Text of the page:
Jesus, as is his custom, is in the Synagogue, on the sabbath, teaching. He is with the whole gathered community, with them for praise of God and for learning. And just now there appears a woman with a spirit that had crippled her for eighteen years. Into the midst of their regular worship comes a woman bent double with a crippling illness. Presumably she is something of a familiar sight to most of the congregation. She has struggled to get to synagogue. Her disability no doubt makes it especially difficult to get there. It must be like carrying a heavy burden, each step an effort. Just to place one foot in front of another is a struggle, never able to straighten up and rest, or even see properly where she is headed. Yet despite this she comes. Her desire to be with the people of God and to worship is that strong. Even an illness as debilitating as hers is not going to stop her. Nothing would prevent her from offering praise to God in the congregation. For half a lifetime she has been weighed down with this spirit of weakness. But in all of those eighteen years it has not held her back from continuing to praise God. Despite the accusation that the leader of the Synagogue makes later, there is no ulterior motive to her coming. She has not come with the expectation that she will gain anything tangible from her being there. She hasn’t turned up with the expectation that Jesus would heal her. She would have been there anyway.
I suspect that all of us can think of, and indeed know faithful souls like this. That despite all the obstacles, despite all the difficulties, in the face of illness and disability, they still find their way into church week in and week out. In the face of all the might stop them, they still long to be among God’s people for prayer and praise. The woman bent double came into the synagogue. She came to pray. She is bound, held down by her illness. But she use what freedom she has to praise God. In that sense she uses her freedom to fulfil the true purpose of hers and every life, to give glory to God.
The woman does not approach Jesus. She says nothing to him. It is easy to imagine in fact that bent over as she was, unable to look up as she came into the synagogue, she didn’t even see that he was there. The initiative is entirely with Jesus. When Jesus sees her he calls her over and say, “Woman you are set free from your ailment.” No request is made. No one has to plead the woman’s case. Jesus sees her need and responds. Jesus’ preaching and teaching is consistent. He stands up in synagogue, and in the fields, and on the street corners. He stands up and announces that the kingdom of God has come very near. God’s reign of freedom is about to take place! As the woman bent over enters the synagogue the inbreaking of God’s rule becomes a visible reality. Her healing is the work of God. It is a sign of God’s power. And it demonstrates God’s intention for his people. When Jesus declares “Woman you are set free from your ailment,” he takes us to the heart of God’s kingdom. The announcement of God’s kingdom declares that people should be set free. They should be able to stand up straight. The will of God is loosing and reviving. It is liberation and restoration. What Jesus had declared in words in another synagogue, quoting the words of Isaiah he said:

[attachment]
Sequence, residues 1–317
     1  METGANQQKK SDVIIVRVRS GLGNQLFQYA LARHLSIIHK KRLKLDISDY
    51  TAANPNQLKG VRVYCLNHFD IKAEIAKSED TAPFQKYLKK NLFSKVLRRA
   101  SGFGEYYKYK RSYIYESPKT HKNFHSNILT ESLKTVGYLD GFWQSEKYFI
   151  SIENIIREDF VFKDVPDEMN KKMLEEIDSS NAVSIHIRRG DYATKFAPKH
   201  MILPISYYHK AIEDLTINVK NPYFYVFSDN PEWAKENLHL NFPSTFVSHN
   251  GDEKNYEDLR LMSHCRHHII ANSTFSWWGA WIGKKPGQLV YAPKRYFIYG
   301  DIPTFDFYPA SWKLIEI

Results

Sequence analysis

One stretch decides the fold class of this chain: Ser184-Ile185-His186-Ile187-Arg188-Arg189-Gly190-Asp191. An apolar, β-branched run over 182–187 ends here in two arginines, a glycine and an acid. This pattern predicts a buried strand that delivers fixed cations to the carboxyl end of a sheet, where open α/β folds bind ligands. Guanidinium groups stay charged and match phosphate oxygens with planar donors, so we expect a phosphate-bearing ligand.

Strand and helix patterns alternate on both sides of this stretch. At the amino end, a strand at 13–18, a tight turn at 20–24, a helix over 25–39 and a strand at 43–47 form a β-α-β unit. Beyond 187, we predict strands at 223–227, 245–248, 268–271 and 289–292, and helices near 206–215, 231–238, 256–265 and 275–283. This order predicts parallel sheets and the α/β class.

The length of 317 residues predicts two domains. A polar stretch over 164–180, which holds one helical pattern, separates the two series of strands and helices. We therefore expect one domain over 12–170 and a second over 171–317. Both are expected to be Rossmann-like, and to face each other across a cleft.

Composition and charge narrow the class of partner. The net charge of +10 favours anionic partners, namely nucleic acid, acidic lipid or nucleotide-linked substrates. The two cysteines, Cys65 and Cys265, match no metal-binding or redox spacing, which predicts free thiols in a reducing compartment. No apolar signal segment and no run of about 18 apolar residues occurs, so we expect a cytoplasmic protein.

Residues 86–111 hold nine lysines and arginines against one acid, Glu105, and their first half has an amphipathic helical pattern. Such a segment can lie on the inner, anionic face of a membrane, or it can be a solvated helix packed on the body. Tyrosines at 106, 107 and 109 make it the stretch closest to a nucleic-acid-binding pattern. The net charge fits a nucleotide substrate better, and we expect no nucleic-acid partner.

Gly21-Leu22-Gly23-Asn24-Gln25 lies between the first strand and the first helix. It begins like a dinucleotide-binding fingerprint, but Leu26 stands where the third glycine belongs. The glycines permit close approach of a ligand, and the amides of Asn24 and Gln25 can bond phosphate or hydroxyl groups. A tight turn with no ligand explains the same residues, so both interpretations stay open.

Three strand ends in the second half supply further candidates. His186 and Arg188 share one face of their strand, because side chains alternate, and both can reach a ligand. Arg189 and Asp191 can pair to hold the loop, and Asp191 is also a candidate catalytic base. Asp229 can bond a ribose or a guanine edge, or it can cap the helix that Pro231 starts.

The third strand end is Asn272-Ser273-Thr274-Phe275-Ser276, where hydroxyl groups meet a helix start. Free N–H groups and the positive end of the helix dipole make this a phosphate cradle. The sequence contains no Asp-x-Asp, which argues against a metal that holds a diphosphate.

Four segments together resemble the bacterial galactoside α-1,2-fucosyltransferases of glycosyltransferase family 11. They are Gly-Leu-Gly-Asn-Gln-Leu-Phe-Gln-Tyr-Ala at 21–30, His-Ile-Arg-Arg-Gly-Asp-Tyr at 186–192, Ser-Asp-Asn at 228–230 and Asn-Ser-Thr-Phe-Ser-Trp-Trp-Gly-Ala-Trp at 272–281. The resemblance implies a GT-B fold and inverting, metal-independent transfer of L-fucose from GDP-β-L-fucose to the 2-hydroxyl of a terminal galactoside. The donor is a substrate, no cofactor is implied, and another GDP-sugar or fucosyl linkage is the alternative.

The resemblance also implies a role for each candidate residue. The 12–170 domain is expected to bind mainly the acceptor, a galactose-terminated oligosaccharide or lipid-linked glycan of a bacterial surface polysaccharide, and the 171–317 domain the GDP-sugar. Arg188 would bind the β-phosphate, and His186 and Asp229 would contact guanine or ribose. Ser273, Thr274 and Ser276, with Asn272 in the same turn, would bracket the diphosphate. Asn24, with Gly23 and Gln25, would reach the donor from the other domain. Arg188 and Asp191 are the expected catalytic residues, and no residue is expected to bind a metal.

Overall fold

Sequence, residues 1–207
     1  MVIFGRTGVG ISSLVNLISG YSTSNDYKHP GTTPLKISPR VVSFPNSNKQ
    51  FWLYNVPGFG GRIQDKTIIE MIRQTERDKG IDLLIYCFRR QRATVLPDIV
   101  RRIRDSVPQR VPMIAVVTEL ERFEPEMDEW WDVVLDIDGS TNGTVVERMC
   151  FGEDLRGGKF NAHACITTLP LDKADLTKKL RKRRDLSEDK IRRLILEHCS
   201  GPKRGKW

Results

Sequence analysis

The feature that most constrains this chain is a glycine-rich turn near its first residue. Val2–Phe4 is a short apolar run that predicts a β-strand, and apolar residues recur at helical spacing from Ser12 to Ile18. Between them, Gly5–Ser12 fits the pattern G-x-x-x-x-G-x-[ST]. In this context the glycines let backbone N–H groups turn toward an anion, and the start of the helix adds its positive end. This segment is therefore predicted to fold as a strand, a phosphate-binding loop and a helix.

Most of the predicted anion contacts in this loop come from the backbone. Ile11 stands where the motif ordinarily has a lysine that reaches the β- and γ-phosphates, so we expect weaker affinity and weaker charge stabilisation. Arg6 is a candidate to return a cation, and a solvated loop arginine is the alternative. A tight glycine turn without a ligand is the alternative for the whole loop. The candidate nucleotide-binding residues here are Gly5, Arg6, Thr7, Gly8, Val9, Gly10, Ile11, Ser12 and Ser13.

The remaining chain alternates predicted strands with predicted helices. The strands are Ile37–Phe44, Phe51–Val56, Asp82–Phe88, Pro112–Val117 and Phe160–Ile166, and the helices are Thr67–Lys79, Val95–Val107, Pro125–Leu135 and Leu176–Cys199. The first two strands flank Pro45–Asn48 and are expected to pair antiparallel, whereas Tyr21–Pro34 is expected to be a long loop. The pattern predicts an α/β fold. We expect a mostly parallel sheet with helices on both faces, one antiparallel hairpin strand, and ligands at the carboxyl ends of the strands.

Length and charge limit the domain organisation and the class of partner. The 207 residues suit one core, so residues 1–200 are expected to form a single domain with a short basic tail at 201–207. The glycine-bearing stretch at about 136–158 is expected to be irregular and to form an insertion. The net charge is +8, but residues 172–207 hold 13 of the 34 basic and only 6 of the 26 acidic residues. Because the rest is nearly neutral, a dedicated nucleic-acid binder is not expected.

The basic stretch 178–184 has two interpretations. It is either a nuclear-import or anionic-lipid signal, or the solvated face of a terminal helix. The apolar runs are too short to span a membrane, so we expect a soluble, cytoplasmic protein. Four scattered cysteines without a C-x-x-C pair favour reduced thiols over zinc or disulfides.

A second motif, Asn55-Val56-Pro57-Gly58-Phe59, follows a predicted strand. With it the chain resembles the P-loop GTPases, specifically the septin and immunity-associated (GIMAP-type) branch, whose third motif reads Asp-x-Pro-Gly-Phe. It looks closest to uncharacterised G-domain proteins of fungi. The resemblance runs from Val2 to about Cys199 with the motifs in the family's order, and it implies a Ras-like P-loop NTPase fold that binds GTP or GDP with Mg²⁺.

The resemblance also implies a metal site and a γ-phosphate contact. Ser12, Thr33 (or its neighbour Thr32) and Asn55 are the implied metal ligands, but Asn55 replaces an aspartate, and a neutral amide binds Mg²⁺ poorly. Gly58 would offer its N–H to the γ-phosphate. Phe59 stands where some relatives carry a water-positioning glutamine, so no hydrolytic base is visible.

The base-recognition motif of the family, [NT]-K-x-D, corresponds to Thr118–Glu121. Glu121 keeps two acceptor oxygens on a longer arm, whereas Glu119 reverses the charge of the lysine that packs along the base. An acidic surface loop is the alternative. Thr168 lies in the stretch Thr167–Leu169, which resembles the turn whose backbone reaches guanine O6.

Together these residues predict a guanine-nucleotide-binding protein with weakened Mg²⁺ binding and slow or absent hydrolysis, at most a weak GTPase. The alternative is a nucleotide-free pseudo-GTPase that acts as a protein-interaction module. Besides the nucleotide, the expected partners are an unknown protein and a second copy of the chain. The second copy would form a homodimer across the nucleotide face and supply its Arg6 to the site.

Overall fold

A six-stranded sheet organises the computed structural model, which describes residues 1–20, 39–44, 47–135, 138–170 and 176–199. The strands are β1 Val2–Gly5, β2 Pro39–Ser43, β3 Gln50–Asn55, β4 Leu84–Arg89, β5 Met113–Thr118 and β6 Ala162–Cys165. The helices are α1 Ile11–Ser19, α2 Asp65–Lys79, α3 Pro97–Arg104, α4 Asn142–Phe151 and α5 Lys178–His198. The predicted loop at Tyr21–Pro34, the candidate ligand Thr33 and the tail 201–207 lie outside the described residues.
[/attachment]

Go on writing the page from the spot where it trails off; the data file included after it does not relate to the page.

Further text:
“The Spirit of the Lord is upon me
because he has anointed me to bring good news to the poor
He has sent me to proclaim release to the captives
and recovery of sight to the blind
to let the oppressed go free
to proclaim the year of the Lord’s favour.“
Jesus announced then that those words were being fulfilled in his listeners’ hearing. In this synagogue those words are being fulfilled in their sight. And prominent in Isaiah’s prophecy are the ideas of “release” and “freedom.”
At the heart of what we’re about is setting people free. The woman bent over stands as a representative of God’s mission. Her disability can be a metaphor for all the things that holds people down or holds the back for everything that restricts or oppresses human life. And the mission of the church is to participate in that mission of freedom and release.
When he laid his hands on her, immediately she stood up straight and began raising God. Standing upright for the first time in eighteen years, looking around and seeing the house of God, filled with God people, properly, the woman does what she came here to do: she praises God! Perhaps not in the words of the spiritual: “Free at last, praise God, free at last!” But no doubt in something with a very similar sentiment. What happened to the woman is truly a miracle. It prompts wonder. It produces that sense of awe which is the recognition of the inbreaking of the power of God. And this in turn leads to both praise and faith. The congregation join with the woman in seeing the power of God at work in Jesus and rejoice at all the wonderful things that he is doing.